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Savannas and three kinds of forest

Vegetation of the state of São Paulo now follows the national terminology

As the the look at what was left of the green in São Paulo became more refined, the old categories of vegetation became too generic to deal with increasingly plain nuances. The forest in the environs of Teodoro Sampaio, on the plains of the far west of the state, with one rainy period and another dry one, well defined (the trees lose their leaves in the dry season), for example, were classified ten years ago as forest the same term employed to designate the forests of Campos do Jordão, in the east of the state, with trees like the araucarias that grow at an altitude of 1,500 meters, under continuous rain throughout the year and that never lose their leaves because of drought.

To deal with the differences of behavior, soil, climate and topography, the researchers updated the categories of vegetation of the state of São Paulo, adopting the terminology of the Radam-Brasil project, a gigantic mapping of the national territory carried out in the 70s using aircraft, helicopters and teams on the ground. The southeastern region had remained outside the proposed standard, as the priority was to get to know and map the hinterland of the Amazon (Radam means Radar of Amazonia) and of the Northeast.

Converted to the Radam terminology, the forests and secondary growth stretches of the natural forest being regenerated have been unfolded into three kinds of vegetation: Dense Ombrophilous Forest, close to the coast; Mixed Ombrophilous Forest, in high areas like Campos de Jordão; and Seasonal Semideciduous Forest, with well defined rainy and dry seasons, as in Teodoro Sampaio (ombrophilous means “rain-loving”, in Greek). The term Cerrado, of regional use, was replaced by Savanna, adopted internationally to designate vegetation formed by twisted trees that grow in poor and acid soils. “Cerrado, in English, corresponded to a thicker vegetation, like the one we call cerradão”, Baitello notes. “Now we have a more universal standard, almost the scientific name of each kind of vegetation.”Now, there are five basic categories of vegetation in São Paulo:

Dense Ombrophilous Forest
These are stretches of the Atlantic Rain Forest to be found along the coast, in regions with a hot temperature (averages of 25° Celsius) and heavy rainfall, well distributed over the year, with practically no dry season. It includes, as an associated ecosystem, the coastal strips called restinga, which occur alongside the beaches and coastal plains.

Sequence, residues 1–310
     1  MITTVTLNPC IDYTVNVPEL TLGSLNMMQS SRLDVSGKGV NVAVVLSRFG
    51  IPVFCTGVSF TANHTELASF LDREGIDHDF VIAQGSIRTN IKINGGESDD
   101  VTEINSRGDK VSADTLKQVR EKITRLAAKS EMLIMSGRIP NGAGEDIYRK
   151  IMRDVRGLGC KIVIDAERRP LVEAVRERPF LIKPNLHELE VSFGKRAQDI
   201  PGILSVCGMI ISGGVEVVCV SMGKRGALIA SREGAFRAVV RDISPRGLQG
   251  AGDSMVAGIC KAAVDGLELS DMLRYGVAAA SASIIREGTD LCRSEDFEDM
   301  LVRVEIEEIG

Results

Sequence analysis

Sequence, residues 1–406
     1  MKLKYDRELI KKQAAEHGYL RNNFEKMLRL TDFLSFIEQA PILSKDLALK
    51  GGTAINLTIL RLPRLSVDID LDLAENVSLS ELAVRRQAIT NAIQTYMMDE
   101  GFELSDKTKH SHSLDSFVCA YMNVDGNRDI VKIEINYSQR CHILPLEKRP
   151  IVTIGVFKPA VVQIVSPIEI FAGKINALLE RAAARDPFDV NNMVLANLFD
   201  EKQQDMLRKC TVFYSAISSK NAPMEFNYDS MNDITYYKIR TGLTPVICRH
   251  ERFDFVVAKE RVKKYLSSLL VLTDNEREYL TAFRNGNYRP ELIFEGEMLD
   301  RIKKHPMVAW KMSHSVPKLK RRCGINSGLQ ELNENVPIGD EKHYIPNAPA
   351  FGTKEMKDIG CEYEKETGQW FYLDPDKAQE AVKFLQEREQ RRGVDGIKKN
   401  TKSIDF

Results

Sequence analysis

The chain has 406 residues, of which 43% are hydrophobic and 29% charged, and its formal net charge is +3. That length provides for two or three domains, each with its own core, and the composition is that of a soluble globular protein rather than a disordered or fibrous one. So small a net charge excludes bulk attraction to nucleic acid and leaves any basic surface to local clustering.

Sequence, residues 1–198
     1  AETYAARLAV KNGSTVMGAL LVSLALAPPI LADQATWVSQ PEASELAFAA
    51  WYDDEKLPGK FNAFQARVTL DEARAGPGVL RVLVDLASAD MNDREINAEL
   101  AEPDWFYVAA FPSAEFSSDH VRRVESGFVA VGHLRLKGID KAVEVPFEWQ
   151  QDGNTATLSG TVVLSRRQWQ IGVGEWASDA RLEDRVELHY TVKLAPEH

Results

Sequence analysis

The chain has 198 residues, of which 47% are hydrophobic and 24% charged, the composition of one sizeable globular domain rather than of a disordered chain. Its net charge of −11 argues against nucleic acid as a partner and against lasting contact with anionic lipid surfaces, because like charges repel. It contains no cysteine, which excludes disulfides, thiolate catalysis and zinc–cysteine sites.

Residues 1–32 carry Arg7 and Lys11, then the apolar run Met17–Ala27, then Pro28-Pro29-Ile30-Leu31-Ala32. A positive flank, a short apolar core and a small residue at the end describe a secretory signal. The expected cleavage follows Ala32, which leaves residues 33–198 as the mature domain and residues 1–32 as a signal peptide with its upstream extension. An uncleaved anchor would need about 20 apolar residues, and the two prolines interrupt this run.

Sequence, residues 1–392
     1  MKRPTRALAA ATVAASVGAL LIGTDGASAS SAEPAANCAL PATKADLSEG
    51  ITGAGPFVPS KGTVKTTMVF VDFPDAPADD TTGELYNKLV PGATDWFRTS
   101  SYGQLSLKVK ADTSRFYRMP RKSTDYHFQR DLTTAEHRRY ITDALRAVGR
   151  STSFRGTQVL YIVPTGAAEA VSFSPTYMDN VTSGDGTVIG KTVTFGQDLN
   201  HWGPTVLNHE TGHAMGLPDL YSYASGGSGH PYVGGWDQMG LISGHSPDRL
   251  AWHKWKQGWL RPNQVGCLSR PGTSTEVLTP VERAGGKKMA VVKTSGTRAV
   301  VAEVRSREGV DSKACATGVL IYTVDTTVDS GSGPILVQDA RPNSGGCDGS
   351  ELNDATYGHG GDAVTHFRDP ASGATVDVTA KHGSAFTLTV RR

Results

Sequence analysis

Mixed Ombrophilous Forest
Located in regions at altitudes of between 1,200 and 1,800 meters, rainfall well distributed over the year, and a short dry period (less than 60 days). Also called araucaria or pine forests.

Seasonal Semideciduous Forest
Characterized by two climatic seasons, one rainy and the other dry, which conditions the behavior of the plants: amongst the trees, between 20% and 50% lose their leaves during the dry period (two to three months). It covers the stretches of Atlantic Rain Forest found in the hinterland of the state of São Paulo.

Savanna (Cerrado)
Vegetation adapted to regions that are normally flat, with dry climates (one to four months without rain) and poor and acid soils. Seen in four distinct forms: typical savanna (cerrado stricto sensu), with bushes and trees of up to 7 meters in height, twisted trunks and branches covered by thick bark; forest savanna (cerradão), with trees of up to 12 meters in height, thicker and denser than typical savanna; wooded savanna (field cerrado), with a predominance of herbaceous vegetation, in particular graminaceae, and small trees and bushes widely spaced out from each other; and gramineous-ligneous (field), made up of a herbaceous vegetation, without trees.

Mud flats (Mangue)
Vegetation found in areas where the waters from the sea and from rivers are mixed, adapted to the high salinity and to the muddy soil.

The stretches in which these basic types of vegetation are mixed together appear on the map as contacts, also called areas of ecological tension. There are nine contacts between Savanna and Mixed Ombrophilous Forest, or between Savanna and Seasonal Semideciduous Forest, for example, divided, in turn, into two groups. When the species are really intertwined, the so-called ecotones are formed, in which the original characteristics of each kind of vegetation are lost. There are also the so-called enclaves, in which one type of vegetation Savanna, shall we say forms islands surrounded by another type a Seasonal Semideciduous Forest, for example.What to do with the old names like Atlantic Rain Forest or Cerrado? Of course, they may still be used, although now they have clearly become generic.

The Projects
1. Physionomic-Ecological Units Associated with the Remnants of the Natural Plant Cover of the State of São Paulo (nº 99/12329-8); Modality
A Biota-FAPESP Project; Coordinator João Batista Baitello – Forestry Institute; Investment R$ 127,875.00
2. Characterization and Quantification of Forest Raw Material (Pinus and Eucalyptus) in the State of São Paulo (nº 00/02043-9); Modality Public Policies; Coordinator Francisco José do Nascimento Kronka – Forestry Institute; Investment R$ 218,476.00